From time to time, the league office will initially have no comment on a given topic, until it does. In the case of the pending memorabilia fraud lawsuit involving the Giants and quarterback Eli Manning, the league office still has nothing to say.
“We will decline comment,” NFL spokesman Brian McCarthy told PFT on Friday regarding two specific questions arising from the situation. First, would a civil finding of memorabilia fraud trigger a review under the Personal Conduct Policy? Second, is there any investigation at this point?
While nothing has been proven to this point, those are fair questions, given the plain terms of the policy.
“Conduct by anyone in the league that is illegal, violent, dangerous, or irresponsible puts innocent victims at risk, damages the reputation of others in the game, and undercuts public respect and support for the NFL,” the policy states. “We must endeavor at all times to be people of high character; we must show respect for others inside and outside our workplace; and we must strive to conduct ourselves in ways that favorably reflect on ourselves, our teams, the communities we represent, and the NFL.”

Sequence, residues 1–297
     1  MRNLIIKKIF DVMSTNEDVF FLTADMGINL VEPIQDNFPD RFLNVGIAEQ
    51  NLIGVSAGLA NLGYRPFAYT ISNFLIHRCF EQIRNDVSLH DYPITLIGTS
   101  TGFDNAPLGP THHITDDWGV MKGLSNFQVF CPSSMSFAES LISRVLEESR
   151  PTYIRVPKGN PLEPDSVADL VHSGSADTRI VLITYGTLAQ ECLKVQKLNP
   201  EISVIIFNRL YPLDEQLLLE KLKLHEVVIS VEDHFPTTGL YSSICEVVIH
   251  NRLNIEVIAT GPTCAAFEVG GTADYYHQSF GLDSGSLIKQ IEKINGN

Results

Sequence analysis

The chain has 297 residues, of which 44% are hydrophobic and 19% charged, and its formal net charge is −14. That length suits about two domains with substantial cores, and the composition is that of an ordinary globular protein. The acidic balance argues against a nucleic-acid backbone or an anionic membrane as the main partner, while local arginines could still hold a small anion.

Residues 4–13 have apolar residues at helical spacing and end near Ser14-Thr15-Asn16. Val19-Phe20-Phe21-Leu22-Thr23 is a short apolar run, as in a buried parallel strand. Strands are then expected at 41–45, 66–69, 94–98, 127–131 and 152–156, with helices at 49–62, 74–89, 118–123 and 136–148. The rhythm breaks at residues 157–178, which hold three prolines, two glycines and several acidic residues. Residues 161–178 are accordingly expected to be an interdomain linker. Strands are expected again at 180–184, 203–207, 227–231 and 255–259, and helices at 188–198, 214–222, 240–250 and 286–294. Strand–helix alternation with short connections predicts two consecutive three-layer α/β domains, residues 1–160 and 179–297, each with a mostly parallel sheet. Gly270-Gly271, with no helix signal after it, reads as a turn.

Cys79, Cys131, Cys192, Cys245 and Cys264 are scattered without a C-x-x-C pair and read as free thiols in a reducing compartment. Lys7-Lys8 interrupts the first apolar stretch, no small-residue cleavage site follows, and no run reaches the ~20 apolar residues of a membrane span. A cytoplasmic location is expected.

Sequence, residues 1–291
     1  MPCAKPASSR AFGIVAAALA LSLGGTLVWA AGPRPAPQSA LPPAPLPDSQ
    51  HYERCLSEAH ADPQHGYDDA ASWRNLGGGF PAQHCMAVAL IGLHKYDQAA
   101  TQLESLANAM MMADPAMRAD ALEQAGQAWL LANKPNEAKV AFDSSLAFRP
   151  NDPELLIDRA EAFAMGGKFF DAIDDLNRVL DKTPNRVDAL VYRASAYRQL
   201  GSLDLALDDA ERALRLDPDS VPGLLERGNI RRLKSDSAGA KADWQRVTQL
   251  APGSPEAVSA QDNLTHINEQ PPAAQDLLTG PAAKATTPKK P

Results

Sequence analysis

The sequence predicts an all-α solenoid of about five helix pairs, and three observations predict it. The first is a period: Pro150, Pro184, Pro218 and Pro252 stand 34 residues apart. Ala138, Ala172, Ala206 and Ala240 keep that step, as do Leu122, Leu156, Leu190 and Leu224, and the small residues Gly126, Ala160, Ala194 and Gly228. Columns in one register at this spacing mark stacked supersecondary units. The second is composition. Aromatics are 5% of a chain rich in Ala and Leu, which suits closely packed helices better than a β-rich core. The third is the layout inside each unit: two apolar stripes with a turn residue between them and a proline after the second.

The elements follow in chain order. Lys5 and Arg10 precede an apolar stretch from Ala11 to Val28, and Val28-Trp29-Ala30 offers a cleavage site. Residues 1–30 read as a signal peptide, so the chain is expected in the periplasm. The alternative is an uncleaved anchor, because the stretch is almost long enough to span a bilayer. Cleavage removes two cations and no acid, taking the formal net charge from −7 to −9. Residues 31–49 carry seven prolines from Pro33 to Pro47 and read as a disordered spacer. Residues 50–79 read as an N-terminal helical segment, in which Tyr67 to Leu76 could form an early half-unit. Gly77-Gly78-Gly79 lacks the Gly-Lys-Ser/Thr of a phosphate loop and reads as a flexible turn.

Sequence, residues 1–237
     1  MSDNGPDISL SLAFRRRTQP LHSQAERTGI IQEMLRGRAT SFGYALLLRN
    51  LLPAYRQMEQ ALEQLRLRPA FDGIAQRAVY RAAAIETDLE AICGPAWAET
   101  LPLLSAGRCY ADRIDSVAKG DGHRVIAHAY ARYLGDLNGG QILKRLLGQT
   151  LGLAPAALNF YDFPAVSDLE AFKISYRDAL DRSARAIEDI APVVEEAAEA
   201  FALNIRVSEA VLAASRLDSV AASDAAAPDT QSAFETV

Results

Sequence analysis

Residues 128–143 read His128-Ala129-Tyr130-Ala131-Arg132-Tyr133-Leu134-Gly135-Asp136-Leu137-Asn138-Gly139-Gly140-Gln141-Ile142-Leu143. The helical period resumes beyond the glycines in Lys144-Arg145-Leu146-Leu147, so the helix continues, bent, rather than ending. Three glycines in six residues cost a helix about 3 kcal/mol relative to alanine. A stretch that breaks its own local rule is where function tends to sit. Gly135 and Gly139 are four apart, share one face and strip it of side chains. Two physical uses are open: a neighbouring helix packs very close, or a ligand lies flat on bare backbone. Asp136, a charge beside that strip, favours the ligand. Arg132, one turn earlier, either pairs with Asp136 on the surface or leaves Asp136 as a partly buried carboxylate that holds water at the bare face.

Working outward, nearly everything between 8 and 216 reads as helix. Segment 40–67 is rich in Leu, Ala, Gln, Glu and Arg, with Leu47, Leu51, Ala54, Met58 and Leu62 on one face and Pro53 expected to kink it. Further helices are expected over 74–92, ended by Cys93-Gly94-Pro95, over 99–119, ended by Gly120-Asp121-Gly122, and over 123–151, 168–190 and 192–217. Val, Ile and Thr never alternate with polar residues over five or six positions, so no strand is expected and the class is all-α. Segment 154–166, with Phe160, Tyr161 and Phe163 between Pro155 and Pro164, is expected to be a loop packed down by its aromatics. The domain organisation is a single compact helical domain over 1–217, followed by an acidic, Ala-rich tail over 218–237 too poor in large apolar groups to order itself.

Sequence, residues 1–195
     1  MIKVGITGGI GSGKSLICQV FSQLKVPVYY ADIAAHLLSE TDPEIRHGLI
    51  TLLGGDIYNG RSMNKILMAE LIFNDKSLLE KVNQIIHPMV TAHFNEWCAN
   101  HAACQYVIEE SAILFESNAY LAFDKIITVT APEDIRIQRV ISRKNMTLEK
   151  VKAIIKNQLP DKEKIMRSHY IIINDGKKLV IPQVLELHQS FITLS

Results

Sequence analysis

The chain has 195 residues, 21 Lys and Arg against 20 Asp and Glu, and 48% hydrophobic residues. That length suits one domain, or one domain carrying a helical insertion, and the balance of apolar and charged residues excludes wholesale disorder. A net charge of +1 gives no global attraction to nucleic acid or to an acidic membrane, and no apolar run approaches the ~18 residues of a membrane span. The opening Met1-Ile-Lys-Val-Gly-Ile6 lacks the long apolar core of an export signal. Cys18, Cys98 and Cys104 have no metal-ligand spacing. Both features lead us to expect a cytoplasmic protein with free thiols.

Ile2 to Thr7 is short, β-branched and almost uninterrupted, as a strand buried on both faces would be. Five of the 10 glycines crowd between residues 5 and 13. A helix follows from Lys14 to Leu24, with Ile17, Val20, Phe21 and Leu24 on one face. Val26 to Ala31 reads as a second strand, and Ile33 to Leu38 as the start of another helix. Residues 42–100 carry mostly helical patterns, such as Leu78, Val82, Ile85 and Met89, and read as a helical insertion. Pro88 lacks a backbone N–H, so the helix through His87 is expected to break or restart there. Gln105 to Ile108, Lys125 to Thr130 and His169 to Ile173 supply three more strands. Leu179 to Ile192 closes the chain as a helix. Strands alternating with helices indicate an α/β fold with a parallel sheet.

The specific list of prohibited acts contained in the policy includes the following: “Crimes of dishonesty such as blackmail, extortion, fraud, money laundering, or racketeering.”
While there necessarily is no crime without a criminal prosecution (and as far as anyone knows there isn’t one in this case, yet), the NFL decided in the wake of the Ray Rice case that it can and will investigate and act upon potentially illegal misconduct regardless of whether the authorities do. If/when the Giants are found civilly liable for memorabilia fraud, or possibly if the Giants settle the case, the league may have no choice but to do something.